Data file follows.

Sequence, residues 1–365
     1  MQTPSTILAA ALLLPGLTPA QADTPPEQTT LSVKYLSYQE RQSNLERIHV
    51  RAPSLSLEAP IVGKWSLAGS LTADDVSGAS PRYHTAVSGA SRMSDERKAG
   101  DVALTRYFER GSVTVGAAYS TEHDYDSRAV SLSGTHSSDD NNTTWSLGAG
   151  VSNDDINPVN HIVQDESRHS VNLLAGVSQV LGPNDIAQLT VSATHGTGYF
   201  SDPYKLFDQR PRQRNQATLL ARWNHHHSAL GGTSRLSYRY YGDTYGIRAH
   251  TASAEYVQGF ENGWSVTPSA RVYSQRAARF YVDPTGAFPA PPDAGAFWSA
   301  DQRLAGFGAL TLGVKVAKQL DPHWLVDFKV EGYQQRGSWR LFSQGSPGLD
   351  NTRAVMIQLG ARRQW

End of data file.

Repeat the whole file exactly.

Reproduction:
Sequence, residues 1–365
     1  MQTPSTILAA ALLLPGLTPA QADTPPEQTT LSVKYLSYQE RQSNLERIHV
    51  RAPSLSLEAP IVGKWSLAGS LTADDVSGAS PRYHTAVSGA SRMSDERKAG
   101  DVALTRYFER GSVTVGAAYS TEHDYDSRAV SLSGTHSSDD NNTTWSLGAG
   151  VSNDDINPVN HIVQDESRHS VNLLAGVSQV LGPNDIAQLT VSATHGTGYF
   201  SDPYKLFDQR PRQRNQATLL ARWNHHHSAL GGTSRLSYRY YGDTYGIRAH
   251  TASAEYVQGF ENGWSVTPSA RVYSQRAARF YVDPTGAFPA PPDAGAFWSA
   301  DQRLAGFGAL TLGVKVAKQL DPHWLVDFKV EGYQQRGSWR LFSQGSPGLD
   351  NTRAVMIQLG ARRQW